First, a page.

Wintergirls (by Laurie Halse Anderson)

29 10 2010

It’s always quite tricky for this cat to review a book when the actual topic is something she really has no affinity with. At first sight, Wintergirls is such a book. It deals with Lia, an anorexic 18-year-old,  in the aftermath of her friend Cassie’s death, a death also linked to an eating disorder.  Although I’ve read quite a bit about the psychological mechanisms behind eating disorders (the need for control, the perfectionism etc.), in essence anorexia is something I will never be able to understand. That said, just like Speak wasn’t a book just about a rape, Wintergirls is not a book just about an eating disorder. Both are books about self-respect and facing your worst nightmares and fears.

Laurie Halse Anderson is a voice to be reckoned with.  She often writes about these unspeakable issues that almost seem to define the darkest sides of adolescence.  Perhaps this is the reason why her books often end up on ‘Most banned’ lists. Teachers, libraries, websites, school boards, etc. that do this (ban a book like Speak, or Wintergirls) completely miss the mark. Often you have to wonder whether a. these people realize what’s actually going on in the minds of teenagers these days;  and b. whether they have actually read the book they’re accusing of being pornographic, sexually immoral, sexually too explicit (shocking: homosexuality exists!) or whatever (sex is usually the baddie, of course).  One of the often heard reasons is that ‘we have to protect our teens’. My question is… against what? Do these people really attribute all that ‘innocence’ to teenagers? I mean, it would be an endearing concept (though still quite unforgivable) if their motives for banning a book would at least be kosher, but usually a book is banned because it just doesn’t fit in someone’s one-sided world view. And it’s much easier to ignore something, of course, when it’s not actually there to be ignored. (BTW, interesting side note: some schools have even banned the dictionary).

Anyway, back to Wintergirls. Not only is the subject matter of Wintergirls extremely dark, writing the story as a first person narrative intensifies the reader experience. In Speak we were already deep in Melinda’s head, but in Wintergirls Lia’s inner thought process takes us all over her destructive mind. Lia rationalizes her obsession with ‘becoming zero’, but as a reader you can only conclude that Lia’s internal battle will lead her to self-destruction: “I won the wintergirl trip over the border into dangerland. (…) I strip, stand on it [the scales], to weigh my faults and measure my sins. (…)Zero pounds, zero life, size zero, double-zero, zero point. Zero in tennis is love. I finally get it.” (p. 219-220)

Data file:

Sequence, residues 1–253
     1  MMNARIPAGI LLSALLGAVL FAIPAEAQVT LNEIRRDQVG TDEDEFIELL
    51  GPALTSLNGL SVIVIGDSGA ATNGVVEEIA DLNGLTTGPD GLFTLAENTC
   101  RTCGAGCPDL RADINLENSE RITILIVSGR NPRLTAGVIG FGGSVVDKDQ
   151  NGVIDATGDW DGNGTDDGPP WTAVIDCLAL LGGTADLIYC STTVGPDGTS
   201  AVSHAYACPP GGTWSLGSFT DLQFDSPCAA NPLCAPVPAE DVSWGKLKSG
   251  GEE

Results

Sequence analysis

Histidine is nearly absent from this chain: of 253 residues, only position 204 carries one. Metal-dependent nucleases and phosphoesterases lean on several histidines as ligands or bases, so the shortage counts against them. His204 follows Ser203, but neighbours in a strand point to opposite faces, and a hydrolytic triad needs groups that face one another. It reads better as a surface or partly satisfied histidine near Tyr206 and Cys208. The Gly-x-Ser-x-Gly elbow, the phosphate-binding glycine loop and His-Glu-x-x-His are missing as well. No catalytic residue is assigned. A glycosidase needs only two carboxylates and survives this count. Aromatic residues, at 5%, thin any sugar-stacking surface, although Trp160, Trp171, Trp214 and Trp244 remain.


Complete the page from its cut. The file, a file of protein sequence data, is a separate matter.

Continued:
You have to give Anderson props here… this is a story that could easily have ended up in a weep-fest or a blame-marathon. Instead, you get nothing of the sort. Yes, Lia’s story is a sad story, that’s a given, but the skill with which Anderson describes the illness is impressive. The insight we get into Lia’s mind is almost surgical (not surprisingly, Lia’s mother is a heart-surgeon). Lia writes down what she really thinks, then edits her own thoughts and writes what she ‘should be feeling’.

Anderson’s writing style is raw and haunting. This subject matter is dark and destructive. The book can be hard to handle emotionally. Does all this mean it should be put on a ‘Banned’ list? Hell no! Should teens be cautioned about it?  Meh… I’m not quite convinced. Should the book be put in the right perspective when a teen proposes the book. Yes, most certainly! However, any serious teacher or any decent librarian would probably do this to whichever book their students choose to read. You try to explain the author’s preoccupations, you try to clarify themes, provide a certain framework,  present alternatives.  In short: you let them make up their own mind.



One response

24 07 2012
Beach Reads « Ringo the Cat's Blog

[…] of books with similar such Serious Topics (teen depression, suicide, auto-mutilation, anorexia (here and here)) has been published. For putting self-harm on the YA agenda, you’ve got to give […]

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